I feel this is a sacrifice worth making to achieve an aesthetic that looks great both at home and further afield, but it might make those that plan on doing a lot of recording or streaming think twice.

The active noise cancellation on offer also falls short of the standards set by premium ANC headphones. It works well enough if you’re at home but in noisier environments, there’s a clear discrepancy between the attenuation on offer from the Portal and options such as the Bose QC 45 or Sony WH-1000XM4. That’s to be expected given ANC is the headline feature of those class-leading headphones, but it does leave the Portal’s noise cancellation feeling like a bit of an afterthought.

Finally, I feel Bang & Olufsen should have included a hard-shell carrying case with the Portal rather than a cloth bag. This is a very expensive headset that B&O wants you to use outside the confines of your games room and, as such, you need a way to keep it safe in transit. The cloth bag is of reasonable quality but doesn’t afford the same level of protection you’d get from a sturdy case, the likes of which similarly priced headphones almost always come with.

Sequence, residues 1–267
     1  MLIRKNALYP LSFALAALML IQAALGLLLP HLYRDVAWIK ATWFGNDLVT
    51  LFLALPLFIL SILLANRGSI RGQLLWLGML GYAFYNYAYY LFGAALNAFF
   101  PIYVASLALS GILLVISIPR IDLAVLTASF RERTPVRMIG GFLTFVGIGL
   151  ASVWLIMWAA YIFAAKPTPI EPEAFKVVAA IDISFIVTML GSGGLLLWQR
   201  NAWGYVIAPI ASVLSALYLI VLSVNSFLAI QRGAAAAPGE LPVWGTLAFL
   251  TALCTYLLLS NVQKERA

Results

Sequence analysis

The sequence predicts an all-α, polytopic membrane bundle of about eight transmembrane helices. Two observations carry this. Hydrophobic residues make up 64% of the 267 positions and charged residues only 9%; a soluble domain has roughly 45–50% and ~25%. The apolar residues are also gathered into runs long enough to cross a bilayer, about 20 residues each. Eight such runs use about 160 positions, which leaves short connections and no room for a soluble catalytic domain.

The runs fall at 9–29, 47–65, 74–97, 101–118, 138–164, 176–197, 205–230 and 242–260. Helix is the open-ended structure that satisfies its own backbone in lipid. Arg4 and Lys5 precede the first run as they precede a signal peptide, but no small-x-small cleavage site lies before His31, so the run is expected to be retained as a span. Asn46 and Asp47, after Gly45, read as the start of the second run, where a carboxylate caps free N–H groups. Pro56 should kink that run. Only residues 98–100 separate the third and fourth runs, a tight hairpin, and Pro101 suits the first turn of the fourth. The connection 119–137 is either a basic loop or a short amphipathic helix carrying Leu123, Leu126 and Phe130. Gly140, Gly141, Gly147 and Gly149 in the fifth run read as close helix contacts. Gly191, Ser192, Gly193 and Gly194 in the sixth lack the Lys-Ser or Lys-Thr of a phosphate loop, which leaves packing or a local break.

Bang & Olufsen Beoplay Portal review: Should you buy it?

As you might have gathered, I’m rather taken by the Beoplay Portal. It fulfils its dual roles as a gaming headset and Bluetooth headphones brilliantly while looking and feeling every inch the premium product it is.

It’s not perfect – both the virtual boom arm and noise cancellation could be better – but in terms of comfort and sound quality, it’s hard to beat. Add to that dual-audio streaming capability and a sprinkling of customisation options and you’ve got yourself a force to be reckoned with.

There is one caveat: it’s only worth buying if you don’t already own a pair of decent over-ear noise-cancellers. I spend a significant proportion of my spare time gaming but wouldn’t pay £449 for the Portal solely for use while playing games. However, if it’s going to become your go-to for gaming, commuting and casual listening, which it’s more than capable of doing, the outlay is easier to justify for dedicated gamers and music lovers.